BRIEF DESCRIPTION OF THE DRAWINGS

FIG. 1 is a perspective view of an electronic percussion instrument and stand system according to an embodiment of the present invention;

FIG. 2 is a rear view of a portion of the electronic percussion instrument stand of the system of FIG. 1;

FIGS. 3( a-1) to 3(c-2) illustrate installation components and a center pipe according to an embodiment of the present invention;

FIG. 4 illustrates an embodiment of a base structure and its connection with other components;

FIG. 5 is a perspective view illustrating an electronic percussion instrument system in a collapsed or folded orientation, for example, ready for transport.

DETAILED DESCRIPTION OF PREFERRED EMBODIMENTS

Various aspects of embodiments of the present invention are discussed below with reference to illustrations of FIGS. 1-5. With reference to FIG. 1, an explanation is provided regarding a way in which an electronic percussion instrument stand 10 can be used in an electronic percussion system 1. FIG. 1 shows a perspective view of an embodiment of the invention, from an external perspective.

In FIG. 1, the arrow X refers to a vertical direction, relative to the normal orientation of the electronic percussion instrument system 1 (and electronic percussion instrument stand 10), while the arrow Y shows a direction from the front to the back of the electronic percussion instrument system 1 (and electronic percussion instrument stand 10) and the arrow Z shows the left-right direction of the electronic percussion instrument system 1 (and electronic percussion instrument stand 10). Also arrows A and B show adjustment directions for the electronic percussion instrument system 1.

As shown in FIG. 1 the electronic percussion instrument system 1 may include one or more of the following components attached to the electronic percussion instrument stand 10 which may be utilized by an artist to strike and make music: drum pads 30 a, 30 b, 31 a, cymbal pads 32 a, 32 b, high hat cymbal 33 b, snare pad 34 b, foot pedals 35 a, 35 b, and a the sound source processor or controller 36. In further embodiments, other suitable components may be included in the electronic percussion instrument system 1.

Because such components as the drum pads 30 a, 30 b, 31 a, cymbal pads 32 a, 32 b, high hat cymbal 33 b, snare pad 34 b, and the foot petals 35 a, 35 b may be common and well known elements of a typical percussion instrument set, further explanation of each those component is not provided herein. The controller or sound source 36 may be a component which receives electronic input signals (input signals based on the frequency and strength of each strike upon the pad and step on the foot petal) from the components drum pads 30 a, 30 b, 31 a, cymbal pads 32 a, 32 b, high hat cymbal 33 b, snare pad 34 b, and the foot petals 35 a, 35 b and provides electronic signals for generating audio sounds through other components such as speakers and other electronic output components (not shown).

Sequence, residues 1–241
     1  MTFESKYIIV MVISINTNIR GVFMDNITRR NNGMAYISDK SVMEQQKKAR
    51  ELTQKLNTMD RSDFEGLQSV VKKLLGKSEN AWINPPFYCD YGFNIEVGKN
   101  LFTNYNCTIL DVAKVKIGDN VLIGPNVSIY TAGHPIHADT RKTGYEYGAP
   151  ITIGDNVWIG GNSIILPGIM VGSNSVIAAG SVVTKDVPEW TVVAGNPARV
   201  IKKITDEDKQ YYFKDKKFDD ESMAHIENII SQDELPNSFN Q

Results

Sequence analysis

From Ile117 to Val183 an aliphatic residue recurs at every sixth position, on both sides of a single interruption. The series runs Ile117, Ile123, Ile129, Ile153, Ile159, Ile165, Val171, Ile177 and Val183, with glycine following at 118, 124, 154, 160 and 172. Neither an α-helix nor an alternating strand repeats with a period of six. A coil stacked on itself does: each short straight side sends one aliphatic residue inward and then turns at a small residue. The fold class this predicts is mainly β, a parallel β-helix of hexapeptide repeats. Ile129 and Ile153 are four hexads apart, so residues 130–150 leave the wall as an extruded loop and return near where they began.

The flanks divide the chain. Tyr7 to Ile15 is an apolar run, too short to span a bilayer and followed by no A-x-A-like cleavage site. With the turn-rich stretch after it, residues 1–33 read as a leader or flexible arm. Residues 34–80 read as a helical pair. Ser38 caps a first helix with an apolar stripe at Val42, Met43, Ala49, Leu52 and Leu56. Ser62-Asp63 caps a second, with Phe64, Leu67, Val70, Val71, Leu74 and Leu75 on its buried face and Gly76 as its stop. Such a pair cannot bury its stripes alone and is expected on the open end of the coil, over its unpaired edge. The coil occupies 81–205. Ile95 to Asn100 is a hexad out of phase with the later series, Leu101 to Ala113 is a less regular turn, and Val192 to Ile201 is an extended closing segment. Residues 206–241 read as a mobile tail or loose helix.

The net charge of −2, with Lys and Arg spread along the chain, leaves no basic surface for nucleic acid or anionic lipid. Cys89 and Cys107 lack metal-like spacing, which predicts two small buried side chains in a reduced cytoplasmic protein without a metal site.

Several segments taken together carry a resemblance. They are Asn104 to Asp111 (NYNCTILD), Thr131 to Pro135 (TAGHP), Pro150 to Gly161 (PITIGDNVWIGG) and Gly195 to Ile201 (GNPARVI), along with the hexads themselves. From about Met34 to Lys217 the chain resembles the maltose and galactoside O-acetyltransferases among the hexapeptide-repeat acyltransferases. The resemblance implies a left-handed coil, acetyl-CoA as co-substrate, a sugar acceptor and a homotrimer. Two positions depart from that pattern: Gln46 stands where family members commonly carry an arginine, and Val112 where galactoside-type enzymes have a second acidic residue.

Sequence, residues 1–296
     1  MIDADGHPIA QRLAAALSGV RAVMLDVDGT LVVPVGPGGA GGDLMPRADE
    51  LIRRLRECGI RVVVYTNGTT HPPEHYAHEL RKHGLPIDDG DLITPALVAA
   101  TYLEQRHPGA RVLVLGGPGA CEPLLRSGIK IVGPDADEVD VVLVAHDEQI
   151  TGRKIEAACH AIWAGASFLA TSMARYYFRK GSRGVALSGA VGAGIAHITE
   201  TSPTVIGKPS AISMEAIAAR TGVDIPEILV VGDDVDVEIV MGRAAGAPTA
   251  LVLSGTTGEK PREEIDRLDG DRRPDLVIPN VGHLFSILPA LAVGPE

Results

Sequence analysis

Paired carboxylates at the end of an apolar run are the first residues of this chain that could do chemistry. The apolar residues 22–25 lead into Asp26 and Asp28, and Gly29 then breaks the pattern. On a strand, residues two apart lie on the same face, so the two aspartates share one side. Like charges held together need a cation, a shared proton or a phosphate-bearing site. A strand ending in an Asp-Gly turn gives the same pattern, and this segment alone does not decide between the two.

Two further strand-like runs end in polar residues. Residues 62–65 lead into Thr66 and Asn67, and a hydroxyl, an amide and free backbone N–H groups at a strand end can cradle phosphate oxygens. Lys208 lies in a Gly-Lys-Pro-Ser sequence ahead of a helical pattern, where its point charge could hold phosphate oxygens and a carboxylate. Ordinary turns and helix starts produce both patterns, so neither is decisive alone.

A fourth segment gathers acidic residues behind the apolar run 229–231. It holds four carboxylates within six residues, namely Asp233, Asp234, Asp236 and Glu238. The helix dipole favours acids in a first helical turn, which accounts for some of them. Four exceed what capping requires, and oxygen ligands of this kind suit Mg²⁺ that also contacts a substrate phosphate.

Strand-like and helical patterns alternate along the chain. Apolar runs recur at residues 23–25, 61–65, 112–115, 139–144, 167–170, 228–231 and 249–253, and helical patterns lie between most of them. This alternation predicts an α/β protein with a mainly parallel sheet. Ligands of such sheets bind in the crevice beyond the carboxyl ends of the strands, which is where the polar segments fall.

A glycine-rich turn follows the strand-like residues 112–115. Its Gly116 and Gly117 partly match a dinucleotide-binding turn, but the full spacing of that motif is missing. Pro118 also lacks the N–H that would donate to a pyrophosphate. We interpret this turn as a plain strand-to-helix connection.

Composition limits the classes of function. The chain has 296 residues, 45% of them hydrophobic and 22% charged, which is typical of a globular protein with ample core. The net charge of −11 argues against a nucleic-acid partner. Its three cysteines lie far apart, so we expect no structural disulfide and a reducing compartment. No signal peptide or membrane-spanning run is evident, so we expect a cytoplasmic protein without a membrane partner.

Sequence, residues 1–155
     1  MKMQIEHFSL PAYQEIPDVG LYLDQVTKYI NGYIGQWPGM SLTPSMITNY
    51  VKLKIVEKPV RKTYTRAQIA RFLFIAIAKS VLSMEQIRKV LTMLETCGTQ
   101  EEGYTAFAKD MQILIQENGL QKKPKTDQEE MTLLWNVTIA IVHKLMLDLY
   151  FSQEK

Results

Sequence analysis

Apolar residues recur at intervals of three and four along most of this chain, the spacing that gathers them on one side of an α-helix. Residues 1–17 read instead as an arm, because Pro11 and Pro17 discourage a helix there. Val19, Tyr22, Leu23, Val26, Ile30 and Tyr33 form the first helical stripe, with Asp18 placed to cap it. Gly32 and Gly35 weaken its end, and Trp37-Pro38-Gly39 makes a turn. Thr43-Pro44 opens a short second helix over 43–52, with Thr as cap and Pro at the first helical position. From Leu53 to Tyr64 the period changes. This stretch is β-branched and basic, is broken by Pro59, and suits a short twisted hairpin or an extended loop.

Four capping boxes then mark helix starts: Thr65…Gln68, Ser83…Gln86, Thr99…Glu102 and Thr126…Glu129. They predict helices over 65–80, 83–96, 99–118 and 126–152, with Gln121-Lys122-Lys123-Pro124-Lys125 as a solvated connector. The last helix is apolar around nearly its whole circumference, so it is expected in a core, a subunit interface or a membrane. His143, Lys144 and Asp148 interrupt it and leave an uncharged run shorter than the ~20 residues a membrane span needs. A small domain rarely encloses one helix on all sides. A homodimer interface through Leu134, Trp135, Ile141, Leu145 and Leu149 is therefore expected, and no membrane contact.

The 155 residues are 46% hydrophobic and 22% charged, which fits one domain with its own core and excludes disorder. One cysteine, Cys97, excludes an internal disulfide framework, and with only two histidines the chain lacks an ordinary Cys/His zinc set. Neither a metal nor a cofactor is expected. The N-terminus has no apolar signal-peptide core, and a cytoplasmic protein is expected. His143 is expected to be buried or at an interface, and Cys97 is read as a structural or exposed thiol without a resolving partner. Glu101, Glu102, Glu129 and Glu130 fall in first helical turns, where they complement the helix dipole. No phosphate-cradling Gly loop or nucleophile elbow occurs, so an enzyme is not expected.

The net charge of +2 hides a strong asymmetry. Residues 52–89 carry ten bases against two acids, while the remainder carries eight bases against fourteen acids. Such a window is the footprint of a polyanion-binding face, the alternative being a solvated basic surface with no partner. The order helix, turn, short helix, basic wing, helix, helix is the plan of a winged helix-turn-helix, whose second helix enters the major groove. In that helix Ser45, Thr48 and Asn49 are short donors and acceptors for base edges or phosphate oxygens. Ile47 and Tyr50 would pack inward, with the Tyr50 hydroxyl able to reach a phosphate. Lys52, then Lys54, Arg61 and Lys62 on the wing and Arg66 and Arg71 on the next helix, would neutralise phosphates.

The drum pad 30 a is connected to a center pipe 13 a (see FIG. 2) by the arm pipe 20 a. Cymbal pad 32 a is joined with the arm pipe 20 a via the end of a coupling member 21 a and held vertically above the arm pipe 20 a (in the direction X in FIG. 2) and supported by a stabilizing rod 22 a. Also the drum pad 31 a is supported by the center pipe 13 a, through the arm pipe 23 a.

The drum pad 30 b is connected to a center pipe 13 b by the arm pipe 20 b (see FIG. 2). Cymbal part 32 b is joined with the arm pipe 20 b via an end of the coupling member 21 b and held vertically above the arm pipe 20 b (in the direction X in FIG. 2) and supported by the stabilizing rod 22 a. Also the high hat cymbal 33 b is connected to the center pipe 13 b by the arm pipe 23 b. The snare pad 34 b is attached to the center pipe 13 b via the joint component 24.

The foot petals 35 a and 35 b are attached to the lower portions of the electronic percussion instrument stand 10 (see the lower portion of FIGS. 1 and 2) and are positioned on the player's side of the electronic percussion instrument stand 10.

FIG. 2 is a diagram showing various directions of positioning of the electronic percussion instrument stand 10. In FIG. 2, the instruments and other components upon which an artist produces music are not shown.

In FIG. 2, the electronic percussion instrument stand 10 has a base structure 11 that is set on a flat surface F. Extending at least partially in the directions of arrows Z from the base structure 11 is attached a leg pipe 12 a and a leg pipe 12 b. A leg component 40 a (supporting the foot pedal 35 a) is attached to the leg pipe 12 a and a leg component 40 b (supporting the foot pedal 35 b) is attached to the leg pipe 12 b. Also attached and extending vertically (in the direction of arrow X) from the base structure 11 is a center pipe structure composed of center pipes 13 a and 13 b. The controller component 36 is attached to the center pipe structure through a holder 14.